Mainland GDP growth slowest in three years
The mainland economy grew 8.1 per cent in the first quarter, its slowest pace in nearly three years, amid weak demand in key export markets and sluggish construction activity at home.
The figure was well below the 8.9 per cent year-on-year growth of the previous three months and marked the fifth consecutive quarterly slowdown, adding pressure for Beijing to further ease monetary policies.
But just hours after the release of the data, the central government announced it would continue using macroeconomic controls to deal with the challenges.
Beijing also reiterated that it would keep its restrictions on the property market, in a statement released after a State Council meeting presided over by Premier Wen Jiabao .
The quarterly growth figure was even below market expectations of 8.3 to 8.5 per cent.
'The global situation in the first quarter is complex ... the pressure on exports growth is enormous,' a National Bureau of Statistics spokesman said.
However, analysts predicted the world's second-largest economy would avoid a hard landing, with most expecting easing measures and a rebound later in the year.
Share prices reflected this sentiment, with the Shanghai and Shenzhen stock markets up slightly and Hong Kong's Hang Seng Index jumping 1.84 per cent.
Dr Liao Qun, chief economist of Citic Bank International, said that while a continued slowdown in gross domestic product growth was widely anticipated, the pace of slowdown turned out faster than expected.
'Given such, an immediate further easing of monetary policy is called for and expected,' Liao said. 'Another cut in the reserve requirement ratio is likely to be announced in coming days.'
Bank of America Merrill Lynch analyst Ting Lu said: 'The worst is over.' He saw the quarterly figures as the low point of the cycle and kept his full-year growth target of 8.6 per cent. Lu added that strong bank lending in March, as indicated in official data released late on Thursday, pointed to the pickup. 'Most investors will accept that March is the turning point and we are now on the upturn of the cycle,' he said.
Qu Hongbin, co-head of HSBC's Asian Economics Research, said the weakening number called for more policy easing, and slowing inflation left room for easing.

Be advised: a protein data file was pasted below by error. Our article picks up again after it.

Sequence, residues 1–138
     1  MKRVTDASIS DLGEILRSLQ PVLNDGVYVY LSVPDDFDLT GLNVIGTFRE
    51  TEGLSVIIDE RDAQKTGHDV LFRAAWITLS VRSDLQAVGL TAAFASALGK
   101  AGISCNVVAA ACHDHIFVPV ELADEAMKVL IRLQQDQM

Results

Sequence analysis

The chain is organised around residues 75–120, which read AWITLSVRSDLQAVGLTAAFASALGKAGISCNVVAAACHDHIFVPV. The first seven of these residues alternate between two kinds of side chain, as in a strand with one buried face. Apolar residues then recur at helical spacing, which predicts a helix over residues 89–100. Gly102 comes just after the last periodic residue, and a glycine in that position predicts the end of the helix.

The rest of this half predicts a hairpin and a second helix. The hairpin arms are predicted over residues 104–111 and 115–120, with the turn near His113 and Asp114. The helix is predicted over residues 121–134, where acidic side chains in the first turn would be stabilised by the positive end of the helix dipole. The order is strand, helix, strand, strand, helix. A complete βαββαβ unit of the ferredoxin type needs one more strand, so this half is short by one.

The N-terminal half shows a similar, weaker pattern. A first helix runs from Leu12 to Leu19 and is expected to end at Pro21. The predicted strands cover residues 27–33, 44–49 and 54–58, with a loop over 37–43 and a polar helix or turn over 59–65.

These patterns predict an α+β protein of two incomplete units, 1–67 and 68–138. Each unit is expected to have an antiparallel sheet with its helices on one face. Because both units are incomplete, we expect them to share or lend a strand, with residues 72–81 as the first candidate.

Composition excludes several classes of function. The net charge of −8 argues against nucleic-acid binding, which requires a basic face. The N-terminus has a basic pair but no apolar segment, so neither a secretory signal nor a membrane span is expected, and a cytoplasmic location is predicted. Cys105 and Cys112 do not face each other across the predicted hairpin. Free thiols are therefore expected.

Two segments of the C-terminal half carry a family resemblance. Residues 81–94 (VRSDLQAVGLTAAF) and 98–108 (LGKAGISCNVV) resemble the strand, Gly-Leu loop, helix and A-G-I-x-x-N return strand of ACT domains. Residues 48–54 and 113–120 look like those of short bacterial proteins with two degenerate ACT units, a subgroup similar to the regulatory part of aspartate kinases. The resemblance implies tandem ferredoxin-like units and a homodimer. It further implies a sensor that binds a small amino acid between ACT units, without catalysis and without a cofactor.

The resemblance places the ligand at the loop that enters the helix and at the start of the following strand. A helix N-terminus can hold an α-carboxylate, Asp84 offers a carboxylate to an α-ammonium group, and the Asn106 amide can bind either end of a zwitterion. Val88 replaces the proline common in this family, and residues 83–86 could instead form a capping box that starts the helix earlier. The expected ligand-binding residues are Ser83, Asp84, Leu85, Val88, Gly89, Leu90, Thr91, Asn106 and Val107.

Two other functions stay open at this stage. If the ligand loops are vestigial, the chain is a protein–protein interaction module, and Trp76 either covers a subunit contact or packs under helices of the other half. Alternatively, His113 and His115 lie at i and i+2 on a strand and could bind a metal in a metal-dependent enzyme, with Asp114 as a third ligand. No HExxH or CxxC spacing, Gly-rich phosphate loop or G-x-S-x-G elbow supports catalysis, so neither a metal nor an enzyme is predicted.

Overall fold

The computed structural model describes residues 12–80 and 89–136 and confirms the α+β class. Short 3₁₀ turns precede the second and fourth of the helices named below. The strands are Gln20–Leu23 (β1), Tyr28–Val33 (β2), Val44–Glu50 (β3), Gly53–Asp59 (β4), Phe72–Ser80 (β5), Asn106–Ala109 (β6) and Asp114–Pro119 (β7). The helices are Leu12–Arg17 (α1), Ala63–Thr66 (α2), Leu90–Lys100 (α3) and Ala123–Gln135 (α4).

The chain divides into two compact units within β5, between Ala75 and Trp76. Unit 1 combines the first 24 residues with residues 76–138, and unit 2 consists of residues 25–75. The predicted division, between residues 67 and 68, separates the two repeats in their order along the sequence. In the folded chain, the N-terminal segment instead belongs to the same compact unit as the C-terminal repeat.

Qu said he believed that Beijing would continue stepping up easing efforts through another percentage-point cut in banks' reserve requirement ratio, open market operations, tax breaks and fiscal spending on public works in the second quarter. 'Once these measures filter through, GDP growth should bottom out in the second quarter and recover to over 8.5 per cent in the second half,' Qu said. 'Our 8.6 per cent GDP projection for 2012 remains intact.'
Yu Song, an analyst with Goldman Sachs, said the government was clearly more concerned about the slowdown in growth than a possible rebound in inflation and would probably keep policy relatively loose in the foreseeable future.
Industrial value-added output grew 11.6 per cent year on year in the first quarter, accelerating from 11.4 per cent in the January-February period. However it cooled from the growth of 15.7 per cent in the first quarter of 2011. That is likely to fuel concerns about China's manufacturing, which has been hurt by falling demand in crisis-hit Europe.
But Song said industrial and other indicators had shown that China's economic performance in March had improved from the first two months and that the economy had stabilised and started to recover. The 'strong industrial production growth tells us growth momentum picked up in March'. Retail sales grew 14.8 per cent year on year in the first quarter and 15.2 per cent in March.
The property market showed further signs of cooling in the first quarter as investment growth slowed to its lowest level since the government started its property tightening campaign two years ago. Residential property sales fell 17.5 per cent to 709.9 billion yuan (HK$871.5 billion) in the first quarter.